MMWR News Synopsis for May 31, 2018

Health Insurance Coverage by Occupation Among Adults Aged 18-64 Years – 17 States, 2013-2014

CDC Media Relations
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CDC researchers found that the overall percentage of workers aged 18‒64 years who did not have health insurance declined significantly from 16.0 percent in 2013 to 12.7 percent in 2014, but percentages varied significantly by occupation in both years. In 2014, the percentage of uninsured workers among broad occupational groups ranged from 2.7 percent to 37.0 percent. Identifying factors affecting differences in insurance rates by occupation might help to target interventions to reduce health disparities among U.S. workers. CDC researchers estimated the percentage of workers aged 18‒64 who did not have health insurance in 2013 and 2014 using data from 17 states in the Behavioral Risk Factor Surveillance System. Workers were grouped into broad occupational categories. Being uninsured declined significantly overall from 16.0 percent in 2013 to 12.7 percent in 2014, but percentages varied significantly by occupation in both years. In 2014, the percentage of uninsured workers ranged from 2.7 percent among community and social services occupations and education, training, and library occupations to 37.0 percent among building and grounds cleaning and maintenance occupations. More than 25 percent of workers in four occupational groups were uninsured in 2014: construction and extraction; farming, fishing, and forestry; food preparation and serving related; and, the highest, building and grounds cleaning and maintenance.

Tobacco Product Use Among Youths With and Without Lifetime Asthma – Florida, 2016

CDC Media Relations
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Statewide tobacco prevention strategies, particularly among youth with asthma, coupled with other proven interventions, are critical to reducing all forms of tobacco product use among youth. Increasing availability of diverse tobacco products has led to complex tobacco product use patterns among youth. In 2016, Florida middle and high school students with asthma reported higher current use of all tobacco product types, including use of multiple tobacco products, compared with students without asthma. The higher use of all tobacco product types among students with asthma, most notably combustible products such as cigarettes, is concerning because the health risks associated with tobacco product use are higher for this population. As the diversity of tobacco products increases, efforts to educate youth about the health risks of all tobacco product types are warranted, particularly among those with asthma.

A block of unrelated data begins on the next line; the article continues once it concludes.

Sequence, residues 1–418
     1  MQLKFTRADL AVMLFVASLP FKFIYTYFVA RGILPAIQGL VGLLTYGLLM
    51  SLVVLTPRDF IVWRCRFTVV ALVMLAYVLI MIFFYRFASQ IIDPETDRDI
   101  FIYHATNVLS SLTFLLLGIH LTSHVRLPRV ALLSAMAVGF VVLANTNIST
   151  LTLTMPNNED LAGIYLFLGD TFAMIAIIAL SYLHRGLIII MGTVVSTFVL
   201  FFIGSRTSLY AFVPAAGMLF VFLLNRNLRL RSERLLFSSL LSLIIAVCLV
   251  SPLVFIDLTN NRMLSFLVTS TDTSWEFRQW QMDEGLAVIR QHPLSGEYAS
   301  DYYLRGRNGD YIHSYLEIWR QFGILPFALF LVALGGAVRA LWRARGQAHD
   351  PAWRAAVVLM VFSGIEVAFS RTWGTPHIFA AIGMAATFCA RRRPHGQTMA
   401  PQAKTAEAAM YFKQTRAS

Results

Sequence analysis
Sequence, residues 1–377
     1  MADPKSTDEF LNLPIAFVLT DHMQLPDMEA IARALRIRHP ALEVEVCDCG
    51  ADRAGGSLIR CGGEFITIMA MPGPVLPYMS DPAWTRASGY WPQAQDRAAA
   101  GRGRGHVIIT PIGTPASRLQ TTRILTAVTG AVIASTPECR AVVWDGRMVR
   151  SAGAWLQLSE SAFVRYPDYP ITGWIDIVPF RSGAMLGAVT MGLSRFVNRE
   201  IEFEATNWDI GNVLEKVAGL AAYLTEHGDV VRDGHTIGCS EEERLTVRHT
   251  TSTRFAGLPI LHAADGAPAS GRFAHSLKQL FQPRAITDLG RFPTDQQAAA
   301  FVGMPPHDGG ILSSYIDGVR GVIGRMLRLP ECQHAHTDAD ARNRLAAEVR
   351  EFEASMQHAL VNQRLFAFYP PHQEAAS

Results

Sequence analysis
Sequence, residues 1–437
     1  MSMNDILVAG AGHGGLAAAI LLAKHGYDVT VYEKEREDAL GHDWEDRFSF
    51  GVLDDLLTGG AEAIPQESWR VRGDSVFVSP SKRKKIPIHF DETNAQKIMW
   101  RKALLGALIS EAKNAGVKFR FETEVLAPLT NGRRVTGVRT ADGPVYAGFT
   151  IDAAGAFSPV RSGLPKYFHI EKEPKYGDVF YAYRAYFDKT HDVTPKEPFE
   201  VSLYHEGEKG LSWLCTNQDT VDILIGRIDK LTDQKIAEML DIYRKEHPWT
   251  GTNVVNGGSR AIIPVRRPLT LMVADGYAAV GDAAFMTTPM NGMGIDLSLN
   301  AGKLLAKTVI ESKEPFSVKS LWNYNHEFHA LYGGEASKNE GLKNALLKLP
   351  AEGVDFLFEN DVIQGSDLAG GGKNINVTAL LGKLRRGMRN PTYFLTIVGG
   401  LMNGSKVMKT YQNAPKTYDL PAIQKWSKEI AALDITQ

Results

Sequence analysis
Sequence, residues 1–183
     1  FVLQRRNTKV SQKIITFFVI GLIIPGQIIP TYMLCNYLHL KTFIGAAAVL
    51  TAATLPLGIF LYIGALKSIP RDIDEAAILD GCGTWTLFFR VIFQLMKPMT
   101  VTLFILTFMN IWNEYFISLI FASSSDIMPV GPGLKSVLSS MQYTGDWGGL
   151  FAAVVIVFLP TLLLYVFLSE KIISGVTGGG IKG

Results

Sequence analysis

Progress Toward Rubella and Congenital Rubella Syndrome Control – South-East Asia Region, 2000-2016

CDC Media Relations
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Substantial progress has been made towards rubella and congenital rubella syndrome (CRS) control in the South-East Asia Region since 2000, with a 37 percent decrease in reported regional rubella incidence following introduction of rubella containing vaccine (RCV) in six additional countries, achievement of high routine RCV coverage after introduction, and enhancement of laboratory-supported surveillance. In 2013, the 66th session of the Regional Committee of the World Health Organization (WHO) South-East Asia Region (SEAR) adopted the goal of measles elimination and rubella and CRS control by 2020. Rubella infection is the leading vaccine-preventable cause of birth defects. Infection during pregnancy, especially during the first trimester, can result in miscarriage, fetal death, or a constellation of congenital malformations known as CRS. Substantial progress has been made towards rubella and CRS control in SEAR since 2000. During 2010-2016, reported rubella incidence decreased by 37 percent across the region. This report summarizes progress toward rubella and CRS control in SEAR during 2000–2016.

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Page last reviewed: May 31, 2018